News

1996 Rover Mini Cooper: Ownership Experience

I have not come across too many cars with such history and so much paperwork. Each time I look at the car, it just makes me feel so proud to own this piece of British motoring history.

BHPian 51morris recently shared this with other enthusiasts.

Hello folks! Hope you are doing well and keeping safe.

This is a quick thread on my ownership of a Rover Mini Cooper (1996), a.k.a “Winston”. Since the Mini is one of the icons of the motoring world, I thought I must start with a quick history of the Mini and the events that led to the creation of this car.

DISCLAIMER: A lot of my understanding of the history of the Mini is from a wonderful book by Giles Chapman – Mini (60 years). Full credits to the author/publishers of this book, including facts and especially images.

The Suez Crisis and the need for a new breed of cars

Back in the 1950s, British roads were peppered with reasonably decent cars such as the Morris Minor, Austin A30 and the Ford 100E Anglia.

However, all this changed with the withdrawal of British troops from the Suez Canal in 1957. This led to a massive shortage of fuel supply. This brought about the need for a new car that could operate on the very barest of resources.

Designing a car like no other

While Sir Alec Issigonis (who also designed the hugely popular Morris Minor) and his team were in truly unchartered waters, they were clear, right from the onset, about what they were building. Issigonis knew for a fact that this would be a small car, yet spacious enough to seat 4 adults along with luggage. He wanted 80% of the interior space to be provided to passengers and luggage.

In order to keep the footprint of the car small, he decided that the car would be no more than 10 feet in length. With such a small footprint, the second requirement (of having to seat 4 adults along with luggage) was quite a challenge. The way he overcame this hurdle was simply brilliant.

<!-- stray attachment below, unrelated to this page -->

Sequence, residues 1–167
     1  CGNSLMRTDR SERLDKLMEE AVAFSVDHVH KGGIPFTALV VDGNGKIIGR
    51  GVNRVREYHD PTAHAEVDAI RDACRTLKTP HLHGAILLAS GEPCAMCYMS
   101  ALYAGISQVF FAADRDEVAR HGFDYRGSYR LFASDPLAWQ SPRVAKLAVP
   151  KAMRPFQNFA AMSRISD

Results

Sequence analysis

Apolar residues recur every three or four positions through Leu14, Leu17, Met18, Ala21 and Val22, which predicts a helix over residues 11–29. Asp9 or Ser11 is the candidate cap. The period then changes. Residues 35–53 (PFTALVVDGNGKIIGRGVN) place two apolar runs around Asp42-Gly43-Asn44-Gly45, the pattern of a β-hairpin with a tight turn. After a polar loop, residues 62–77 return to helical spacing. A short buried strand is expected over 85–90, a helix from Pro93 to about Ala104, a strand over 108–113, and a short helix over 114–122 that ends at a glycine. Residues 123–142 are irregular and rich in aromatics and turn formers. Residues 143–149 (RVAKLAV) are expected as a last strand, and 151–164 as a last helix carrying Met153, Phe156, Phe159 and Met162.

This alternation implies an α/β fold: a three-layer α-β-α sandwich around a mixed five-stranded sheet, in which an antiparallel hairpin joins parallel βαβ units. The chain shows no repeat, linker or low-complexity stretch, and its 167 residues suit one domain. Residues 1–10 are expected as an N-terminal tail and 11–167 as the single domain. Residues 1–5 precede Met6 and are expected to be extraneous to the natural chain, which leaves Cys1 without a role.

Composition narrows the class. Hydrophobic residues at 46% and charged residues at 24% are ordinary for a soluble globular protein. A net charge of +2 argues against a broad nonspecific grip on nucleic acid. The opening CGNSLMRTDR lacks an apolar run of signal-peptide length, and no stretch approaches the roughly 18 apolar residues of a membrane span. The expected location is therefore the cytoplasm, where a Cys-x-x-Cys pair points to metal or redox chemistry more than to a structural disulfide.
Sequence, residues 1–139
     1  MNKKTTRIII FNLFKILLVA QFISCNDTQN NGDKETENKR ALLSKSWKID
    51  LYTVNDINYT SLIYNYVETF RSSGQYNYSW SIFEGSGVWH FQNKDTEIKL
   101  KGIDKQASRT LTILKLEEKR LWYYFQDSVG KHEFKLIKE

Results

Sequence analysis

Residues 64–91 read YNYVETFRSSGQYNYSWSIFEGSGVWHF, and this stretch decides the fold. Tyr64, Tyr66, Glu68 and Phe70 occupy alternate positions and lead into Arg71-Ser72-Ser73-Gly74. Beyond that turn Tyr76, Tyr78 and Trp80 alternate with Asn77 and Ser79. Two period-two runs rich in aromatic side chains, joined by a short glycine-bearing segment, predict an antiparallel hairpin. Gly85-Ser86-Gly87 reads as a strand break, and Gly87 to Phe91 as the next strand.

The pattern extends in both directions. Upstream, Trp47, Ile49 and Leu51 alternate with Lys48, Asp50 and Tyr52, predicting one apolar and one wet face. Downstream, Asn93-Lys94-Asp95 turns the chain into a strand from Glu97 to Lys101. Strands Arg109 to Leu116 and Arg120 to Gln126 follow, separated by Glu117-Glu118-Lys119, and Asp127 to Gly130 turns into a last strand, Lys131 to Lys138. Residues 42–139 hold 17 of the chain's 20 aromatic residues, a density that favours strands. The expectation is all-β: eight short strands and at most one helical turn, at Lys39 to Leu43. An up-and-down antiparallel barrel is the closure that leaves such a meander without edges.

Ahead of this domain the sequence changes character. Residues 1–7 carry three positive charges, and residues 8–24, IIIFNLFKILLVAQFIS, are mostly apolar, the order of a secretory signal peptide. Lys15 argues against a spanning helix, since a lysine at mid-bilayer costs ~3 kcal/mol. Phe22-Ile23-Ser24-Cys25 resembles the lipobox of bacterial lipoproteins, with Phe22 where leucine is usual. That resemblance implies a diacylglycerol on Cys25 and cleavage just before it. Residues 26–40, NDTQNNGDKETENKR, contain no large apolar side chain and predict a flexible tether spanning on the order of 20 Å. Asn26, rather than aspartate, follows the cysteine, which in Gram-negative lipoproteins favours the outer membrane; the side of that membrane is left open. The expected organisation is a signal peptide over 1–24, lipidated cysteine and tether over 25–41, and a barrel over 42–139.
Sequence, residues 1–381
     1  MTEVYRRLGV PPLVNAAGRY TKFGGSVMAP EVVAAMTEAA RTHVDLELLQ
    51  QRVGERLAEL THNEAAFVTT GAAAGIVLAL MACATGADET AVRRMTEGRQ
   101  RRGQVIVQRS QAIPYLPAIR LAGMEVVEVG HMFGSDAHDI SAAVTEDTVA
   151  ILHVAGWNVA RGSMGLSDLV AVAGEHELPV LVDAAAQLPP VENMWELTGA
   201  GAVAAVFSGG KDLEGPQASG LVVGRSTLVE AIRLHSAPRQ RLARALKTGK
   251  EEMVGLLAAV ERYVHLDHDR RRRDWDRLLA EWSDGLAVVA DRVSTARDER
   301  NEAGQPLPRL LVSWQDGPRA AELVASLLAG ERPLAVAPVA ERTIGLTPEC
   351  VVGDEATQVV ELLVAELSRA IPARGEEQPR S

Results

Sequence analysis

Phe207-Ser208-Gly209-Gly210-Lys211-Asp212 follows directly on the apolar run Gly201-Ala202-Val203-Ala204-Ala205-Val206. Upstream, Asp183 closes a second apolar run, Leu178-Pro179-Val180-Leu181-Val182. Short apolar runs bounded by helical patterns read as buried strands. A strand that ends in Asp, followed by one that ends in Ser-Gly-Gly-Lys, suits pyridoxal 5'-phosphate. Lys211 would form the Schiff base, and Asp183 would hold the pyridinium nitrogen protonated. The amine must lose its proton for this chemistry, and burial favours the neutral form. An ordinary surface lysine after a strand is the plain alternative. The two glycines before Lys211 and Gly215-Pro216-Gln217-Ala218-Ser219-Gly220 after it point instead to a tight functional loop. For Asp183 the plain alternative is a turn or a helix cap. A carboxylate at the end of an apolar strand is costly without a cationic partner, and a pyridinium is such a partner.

Firstly, he decided that the 4-cylinder engine would be mounted transversely, feeding power directly to the front wheels. This was a first for the time as all cars had engines mounted front to back (and powered the rear wheels). The transverse engine immediately freed up space. The next challenge was the gearbox, which was normally mounted behind the engine – again eating into the cabin space. Issigonis decided that the gearbox would be mounted under the engine, thereby freeing up further space in the cabin.

Next, the wheels – these were pushed outwards to the extremities of the car. This not only resulted in more interior space but also had a remarkably positive impact on the overall handling of the car.

Finally, the doors/windows. Issigonis was obsessed with maximising cabin space and therefore decided that roll-down windows would need additional space in the door pads for the glass and the wind-up mechanism. Hence, the Original Mini came with sliding windows for the doors. The rear windows would only bevel out to let air in. This directly translated into massively deep door pockets.